TELOSscope: The Telos Press Blog

On the News from Beirut

The Telos blog devoted much space to the war in Lebanon and the character of the reporting, especially the predisposition in the New York Times and elsewhere to tilt to Hizbollah. Exactly why the Western media more often than not express hostility toward pro-Western forces and trim journalistic vocabulary to give anti-Western forces a pass is part of the ideological constellation of the present. As a democratically elected government faces a mortal threat, the West is even less active than it has been in Darfur. Jay A. Gupta, a Telos contributor from Beirut, submits the following anatomy of the problem with the press—RB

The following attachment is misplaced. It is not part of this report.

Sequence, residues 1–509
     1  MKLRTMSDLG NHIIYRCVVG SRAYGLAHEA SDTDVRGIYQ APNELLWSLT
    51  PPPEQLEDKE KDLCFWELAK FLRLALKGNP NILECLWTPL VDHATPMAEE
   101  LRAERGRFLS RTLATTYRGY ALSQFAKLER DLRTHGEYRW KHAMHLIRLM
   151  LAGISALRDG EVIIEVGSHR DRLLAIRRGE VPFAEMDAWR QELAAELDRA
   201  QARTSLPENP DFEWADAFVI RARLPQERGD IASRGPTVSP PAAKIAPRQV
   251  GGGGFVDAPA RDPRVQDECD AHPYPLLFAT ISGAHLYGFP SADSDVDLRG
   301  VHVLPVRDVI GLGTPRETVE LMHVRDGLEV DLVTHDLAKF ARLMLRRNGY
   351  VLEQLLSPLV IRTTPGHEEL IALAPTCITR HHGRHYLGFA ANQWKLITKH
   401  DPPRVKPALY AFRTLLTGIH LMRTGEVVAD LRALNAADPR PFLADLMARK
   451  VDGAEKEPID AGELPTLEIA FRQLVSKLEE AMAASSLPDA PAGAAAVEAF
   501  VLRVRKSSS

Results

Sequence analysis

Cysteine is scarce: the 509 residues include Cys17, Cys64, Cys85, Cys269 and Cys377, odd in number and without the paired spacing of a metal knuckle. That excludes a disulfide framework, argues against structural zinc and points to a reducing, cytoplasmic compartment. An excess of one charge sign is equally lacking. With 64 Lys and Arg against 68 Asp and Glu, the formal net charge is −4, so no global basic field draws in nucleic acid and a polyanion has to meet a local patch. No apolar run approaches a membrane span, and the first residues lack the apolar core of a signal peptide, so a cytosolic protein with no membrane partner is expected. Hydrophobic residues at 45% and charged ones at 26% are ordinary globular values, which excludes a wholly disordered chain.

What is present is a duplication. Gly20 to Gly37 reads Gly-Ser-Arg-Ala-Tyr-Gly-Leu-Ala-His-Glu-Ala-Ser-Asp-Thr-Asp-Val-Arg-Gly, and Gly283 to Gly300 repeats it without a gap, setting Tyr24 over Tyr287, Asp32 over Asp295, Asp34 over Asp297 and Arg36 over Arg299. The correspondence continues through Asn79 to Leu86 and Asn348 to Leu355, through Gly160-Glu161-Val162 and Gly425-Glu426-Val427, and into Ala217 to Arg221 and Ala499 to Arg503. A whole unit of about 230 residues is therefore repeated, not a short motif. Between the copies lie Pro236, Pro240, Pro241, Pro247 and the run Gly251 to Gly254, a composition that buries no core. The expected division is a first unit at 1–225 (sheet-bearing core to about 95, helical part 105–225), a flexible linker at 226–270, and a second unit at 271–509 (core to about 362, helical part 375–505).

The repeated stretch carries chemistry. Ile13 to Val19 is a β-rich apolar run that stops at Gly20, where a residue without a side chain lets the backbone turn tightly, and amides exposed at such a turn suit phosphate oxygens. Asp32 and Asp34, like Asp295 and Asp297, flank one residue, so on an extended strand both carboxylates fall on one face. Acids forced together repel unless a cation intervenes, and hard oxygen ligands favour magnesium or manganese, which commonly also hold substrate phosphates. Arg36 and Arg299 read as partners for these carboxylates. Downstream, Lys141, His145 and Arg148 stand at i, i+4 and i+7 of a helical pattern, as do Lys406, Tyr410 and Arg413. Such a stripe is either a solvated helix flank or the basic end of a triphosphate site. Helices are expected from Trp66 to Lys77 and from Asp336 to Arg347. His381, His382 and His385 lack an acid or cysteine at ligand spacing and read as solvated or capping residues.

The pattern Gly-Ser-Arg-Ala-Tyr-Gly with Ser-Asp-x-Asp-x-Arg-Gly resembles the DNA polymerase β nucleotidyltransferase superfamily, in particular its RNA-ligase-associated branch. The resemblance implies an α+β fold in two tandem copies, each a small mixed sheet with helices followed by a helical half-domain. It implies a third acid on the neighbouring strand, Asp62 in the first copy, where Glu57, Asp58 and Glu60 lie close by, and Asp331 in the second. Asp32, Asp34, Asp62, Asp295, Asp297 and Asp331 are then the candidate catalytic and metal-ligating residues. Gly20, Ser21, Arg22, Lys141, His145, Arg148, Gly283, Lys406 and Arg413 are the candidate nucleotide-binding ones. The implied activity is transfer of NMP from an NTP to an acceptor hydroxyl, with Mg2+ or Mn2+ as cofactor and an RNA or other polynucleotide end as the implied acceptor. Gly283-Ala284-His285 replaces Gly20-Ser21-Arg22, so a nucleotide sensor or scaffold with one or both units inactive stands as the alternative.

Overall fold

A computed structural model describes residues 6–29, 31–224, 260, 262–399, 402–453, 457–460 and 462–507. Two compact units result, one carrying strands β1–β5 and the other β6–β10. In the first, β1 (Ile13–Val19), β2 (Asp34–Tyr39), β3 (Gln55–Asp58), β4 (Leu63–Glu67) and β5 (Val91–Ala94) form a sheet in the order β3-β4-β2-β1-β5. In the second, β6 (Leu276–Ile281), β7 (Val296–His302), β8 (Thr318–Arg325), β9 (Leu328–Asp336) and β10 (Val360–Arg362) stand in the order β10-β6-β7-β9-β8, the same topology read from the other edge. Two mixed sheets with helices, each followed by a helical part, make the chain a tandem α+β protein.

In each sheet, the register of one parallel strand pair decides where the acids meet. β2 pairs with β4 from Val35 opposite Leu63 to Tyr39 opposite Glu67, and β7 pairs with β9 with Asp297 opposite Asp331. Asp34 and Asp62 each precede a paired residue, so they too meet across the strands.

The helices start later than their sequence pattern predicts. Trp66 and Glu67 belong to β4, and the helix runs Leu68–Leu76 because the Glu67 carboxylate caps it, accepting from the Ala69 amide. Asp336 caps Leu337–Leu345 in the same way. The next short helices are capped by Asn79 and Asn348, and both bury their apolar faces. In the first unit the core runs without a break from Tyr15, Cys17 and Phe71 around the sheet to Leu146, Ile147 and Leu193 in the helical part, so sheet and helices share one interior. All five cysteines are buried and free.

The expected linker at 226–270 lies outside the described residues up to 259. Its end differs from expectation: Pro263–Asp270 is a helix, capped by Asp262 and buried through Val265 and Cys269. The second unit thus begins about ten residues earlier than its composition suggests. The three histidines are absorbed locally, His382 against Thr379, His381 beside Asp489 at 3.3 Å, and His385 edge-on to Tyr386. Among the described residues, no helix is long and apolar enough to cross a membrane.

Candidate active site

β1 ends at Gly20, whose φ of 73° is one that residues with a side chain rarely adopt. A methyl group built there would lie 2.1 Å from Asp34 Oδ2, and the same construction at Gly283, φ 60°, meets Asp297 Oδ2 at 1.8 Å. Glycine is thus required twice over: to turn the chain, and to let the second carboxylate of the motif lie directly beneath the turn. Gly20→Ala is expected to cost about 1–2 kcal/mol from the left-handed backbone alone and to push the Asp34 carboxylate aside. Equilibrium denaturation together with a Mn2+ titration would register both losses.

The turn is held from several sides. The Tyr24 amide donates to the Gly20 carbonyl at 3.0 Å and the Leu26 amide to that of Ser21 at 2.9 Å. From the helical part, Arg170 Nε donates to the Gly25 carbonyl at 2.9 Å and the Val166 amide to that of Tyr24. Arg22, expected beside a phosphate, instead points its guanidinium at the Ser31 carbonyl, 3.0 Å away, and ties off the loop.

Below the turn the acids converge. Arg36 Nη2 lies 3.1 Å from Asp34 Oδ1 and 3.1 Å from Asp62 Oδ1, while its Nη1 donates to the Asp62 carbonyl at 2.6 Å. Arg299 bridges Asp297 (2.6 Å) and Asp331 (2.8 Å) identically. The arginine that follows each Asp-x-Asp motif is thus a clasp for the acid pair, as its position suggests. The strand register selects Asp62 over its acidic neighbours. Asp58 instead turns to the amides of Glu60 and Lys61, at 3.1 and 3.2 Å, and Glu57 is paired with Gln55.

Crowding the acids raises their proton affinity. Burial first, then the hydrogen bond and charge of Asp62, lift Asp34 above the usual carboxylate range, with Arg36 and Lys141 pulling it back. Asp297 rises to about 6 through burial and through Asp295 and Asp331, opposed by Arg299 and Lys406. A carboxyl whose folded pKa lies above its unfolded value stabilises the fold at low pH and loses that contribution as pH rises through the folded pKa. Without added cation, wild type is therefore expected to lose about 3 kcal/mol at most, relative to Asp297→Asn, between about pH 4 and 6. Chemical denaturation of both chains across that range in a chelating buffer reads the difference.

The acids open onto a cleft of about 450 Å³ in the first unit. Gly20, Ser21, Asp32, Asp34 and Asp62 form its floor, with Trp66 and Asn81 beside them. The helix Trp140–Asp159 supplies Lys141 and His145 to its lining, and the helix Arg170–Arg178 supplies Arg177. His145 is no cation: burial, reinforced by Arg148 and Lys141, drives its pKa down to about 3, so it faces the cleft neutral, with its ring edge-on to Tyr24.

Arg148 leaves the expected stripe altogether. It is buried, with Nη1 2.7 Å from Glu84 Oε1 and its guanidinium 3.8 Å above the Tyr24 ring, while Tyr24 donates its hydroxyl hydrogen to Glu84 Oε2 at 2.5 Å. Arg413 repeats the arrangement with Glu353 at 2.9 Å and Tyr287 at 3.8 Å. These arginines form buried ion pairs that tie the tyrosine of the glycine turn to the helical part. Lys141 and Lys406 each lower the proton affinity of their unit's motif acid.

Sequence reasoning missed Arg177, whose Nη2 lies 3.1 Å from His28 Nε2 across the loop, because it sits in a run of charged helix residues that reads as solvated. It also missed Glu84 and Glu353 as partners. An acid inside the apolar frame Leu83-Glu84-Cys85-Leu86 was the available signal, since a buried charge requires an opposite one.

Today in Lebanon one wonders what the media interest is in calling a violent mob “protesters”, and civic chaos a “strike”. This is the rhetoric of the self-styled “opposition”, terms uncritically picked up by the BBC, CNN, and the New York Times. They are the terms normally used to describe democratic processes. However, these news organizations are unwittingly, mystifyingly serving as propaganda engines for Hizbullah. The terms are not placed in quotation marks, which would serve to indicate that they reflect the opinions and views of an organization whose stated purpose is to bring down a democratically elected government (however when speaking of the views of that government, the word “coup” is put in quotation marks). “Strikes” normally do not involve nationwide blockage of highways and the burning of vehicles with the intention to bring down a government. It is therefore stunning to find these respectable news organizations so haplessly blinded by the rhetoric of an organization that generally appears to have outright contempt for democratic principles, but which finds it politically propitious to describe itself has having respect for them.

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